Everyone has an opinion about what makes a good resume. There’s millions of tips on the internet about how to make yours better than your competitor – I thought I’d wade in on this topic as well to specifically focus on Business Intelligence CVs, as that’s that I see most of.
There is only one thing you need to ensure you do: Make your resume tell a clear story.
Let’s start from the top and work down the page:
- Your name should be bigger than the words ‘Curriculum Vitae’. Give the two best means of contact then write a title that corresponds with the job you’re applying for and the skills you have – e.g. Data analyst, Oracle data warehouse developer, SAS EM guru. You get the idea.
- Use bullet points to summarise the skills you have that you know the job will require. If you’re an analyst who has used SAS EM and has modelling experience, write that down; if you’re a developer note what tools you have used, if you’ve got experience with dashboard/data migration/new build projects; include your formal education – your degree and any professional (applicable) training courses.
This is the point, about half a page in, where the reader will either choose to continue reading your CV or give up completely. Make their life easy. Tell them you have the skills for the job (so long as you actually do, of course!)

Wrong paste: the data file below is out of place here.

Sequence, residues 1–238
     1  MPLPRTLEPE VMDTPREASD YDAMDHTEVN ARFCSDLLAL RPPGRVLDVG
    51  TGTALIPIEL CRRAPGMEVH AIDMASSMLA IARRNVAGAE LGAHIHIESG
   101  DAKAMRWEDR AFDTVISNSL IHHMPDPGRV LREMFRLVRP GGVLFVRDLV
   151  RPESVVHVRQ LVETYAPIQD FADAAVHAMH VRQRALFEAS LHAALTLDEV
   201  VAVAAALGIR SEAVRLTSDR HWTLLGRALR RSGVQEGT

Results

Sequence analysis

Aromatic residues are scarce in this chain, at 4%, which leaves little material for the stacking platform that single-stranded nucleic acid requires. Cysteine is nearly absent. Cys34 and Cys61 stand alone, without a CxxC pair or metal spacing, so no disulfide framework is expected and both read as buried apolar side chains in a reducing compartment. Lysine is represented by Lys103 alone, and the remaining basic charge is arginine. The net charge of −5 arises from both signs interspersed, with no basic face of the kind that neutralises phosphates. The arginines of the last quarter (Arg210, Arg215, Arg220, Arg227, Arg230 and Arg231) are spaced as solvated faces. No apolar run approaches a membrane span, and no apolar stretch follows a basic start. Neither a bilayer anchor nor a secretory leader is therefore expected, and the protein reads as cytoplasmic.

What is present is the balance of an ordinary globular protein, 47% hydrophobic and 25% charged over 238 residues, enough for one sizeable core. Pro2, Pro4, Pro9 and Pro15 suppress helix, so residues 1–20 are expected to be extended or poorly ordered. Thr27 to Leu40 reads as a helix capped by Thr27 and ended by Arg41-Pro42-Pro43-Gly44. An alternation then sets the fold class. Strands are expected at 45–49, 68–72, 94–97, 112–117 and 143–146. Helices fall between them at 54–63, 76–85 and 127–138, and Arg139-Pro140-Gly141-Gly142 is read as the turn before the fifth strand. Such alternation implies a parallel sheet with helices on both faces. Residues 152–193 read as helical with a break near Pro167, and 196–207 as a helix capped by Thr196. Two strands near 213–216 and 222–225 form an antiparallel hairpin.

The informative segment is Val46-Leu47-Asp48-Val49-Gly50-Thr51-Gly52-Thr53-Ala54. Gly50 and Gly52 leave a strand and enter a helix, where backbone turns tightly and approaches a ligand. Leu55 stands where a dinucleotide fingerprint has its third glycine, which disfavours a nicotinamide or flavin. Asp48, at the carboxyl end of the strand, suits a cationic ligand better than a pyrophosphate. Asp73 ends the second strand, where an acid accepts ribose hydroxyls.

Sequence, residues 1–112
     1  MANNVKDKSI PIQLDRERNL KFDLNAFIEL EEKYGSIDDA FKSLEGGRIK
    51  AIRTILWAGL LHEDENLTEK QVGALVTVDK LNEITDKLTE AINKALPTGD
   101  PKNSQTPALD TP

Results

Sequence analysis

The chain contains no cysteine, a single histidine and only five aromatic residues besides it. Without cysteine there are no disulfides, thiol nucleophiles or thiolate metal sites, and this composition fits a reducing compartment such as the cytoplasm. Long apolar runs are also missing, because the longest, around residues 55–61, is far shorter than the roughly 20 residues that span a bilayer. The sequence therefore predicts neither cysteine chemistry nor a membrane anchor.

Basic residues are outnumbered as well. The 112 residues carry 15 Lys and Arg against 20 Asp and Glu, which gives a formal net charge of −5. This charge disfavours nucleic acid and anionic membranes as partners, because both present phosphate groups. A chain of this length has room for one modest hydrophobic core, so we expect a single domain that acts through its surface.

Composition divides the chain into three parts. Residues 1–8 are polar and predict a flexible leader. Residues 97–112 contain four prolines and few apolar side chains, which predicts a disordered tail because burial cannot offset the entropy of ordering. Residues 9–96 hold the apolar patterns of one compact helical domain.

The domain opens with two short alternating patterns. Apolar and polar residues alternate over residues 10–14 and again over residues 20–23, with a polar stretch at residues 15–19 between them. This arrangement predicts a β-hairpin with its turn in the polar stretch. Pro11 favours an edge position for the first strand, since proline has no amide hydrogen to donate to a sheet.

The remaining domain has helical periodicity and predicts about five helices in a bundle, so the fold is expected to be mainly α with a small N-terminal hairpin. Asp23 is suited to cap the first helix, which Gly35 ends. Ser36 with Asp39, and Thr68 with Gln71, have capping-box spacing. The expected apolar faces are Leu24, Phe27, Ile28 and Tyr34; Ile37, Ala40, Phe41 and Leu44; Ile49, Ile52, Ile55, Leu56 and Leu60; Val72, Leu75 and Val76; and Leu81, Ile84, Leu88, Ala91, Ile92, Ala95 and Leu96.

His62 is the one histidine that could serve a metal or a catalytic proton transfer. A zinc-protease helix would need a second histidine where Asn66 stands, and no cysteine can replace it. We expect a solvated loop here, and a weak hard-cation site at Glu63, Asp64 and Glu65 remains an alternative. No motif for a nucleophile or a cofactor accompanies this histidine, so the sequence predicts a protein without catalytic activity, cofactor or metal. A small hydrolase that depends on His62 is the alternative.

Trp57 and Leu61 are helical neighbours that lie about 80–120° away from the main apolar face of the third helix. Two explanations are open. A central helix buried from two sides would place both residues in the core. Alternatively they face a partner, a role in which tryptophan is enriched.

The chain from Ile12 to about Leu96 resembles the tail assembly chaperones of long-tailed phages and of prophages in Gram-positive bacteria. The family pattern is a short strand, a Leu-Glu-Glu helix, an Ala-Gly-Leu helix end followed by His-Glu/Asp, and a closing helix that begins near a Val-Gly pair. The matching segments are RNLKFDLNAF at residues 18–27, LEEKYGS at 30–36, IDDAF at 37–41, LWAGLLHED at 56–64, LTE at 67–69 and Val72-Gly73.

Now you can start explaining how you got these skills, most people use chronological order with the most recent experience first. Cover the basics like your title, how long you were there for and the company. From there you need to summarise the specifics:
- What were you doing that the business wanted? What were you responsible for? What did you deliver? Was there any success? What tools did you use?
Rinse and repeat until you finish page two. The reader doesn’t want any more than that for a tailored, specific CV and job. Don’t supply references until you’re asked.
Next step: Interview! Good luck and practice describing all the points you made in your CV in more detail 🙂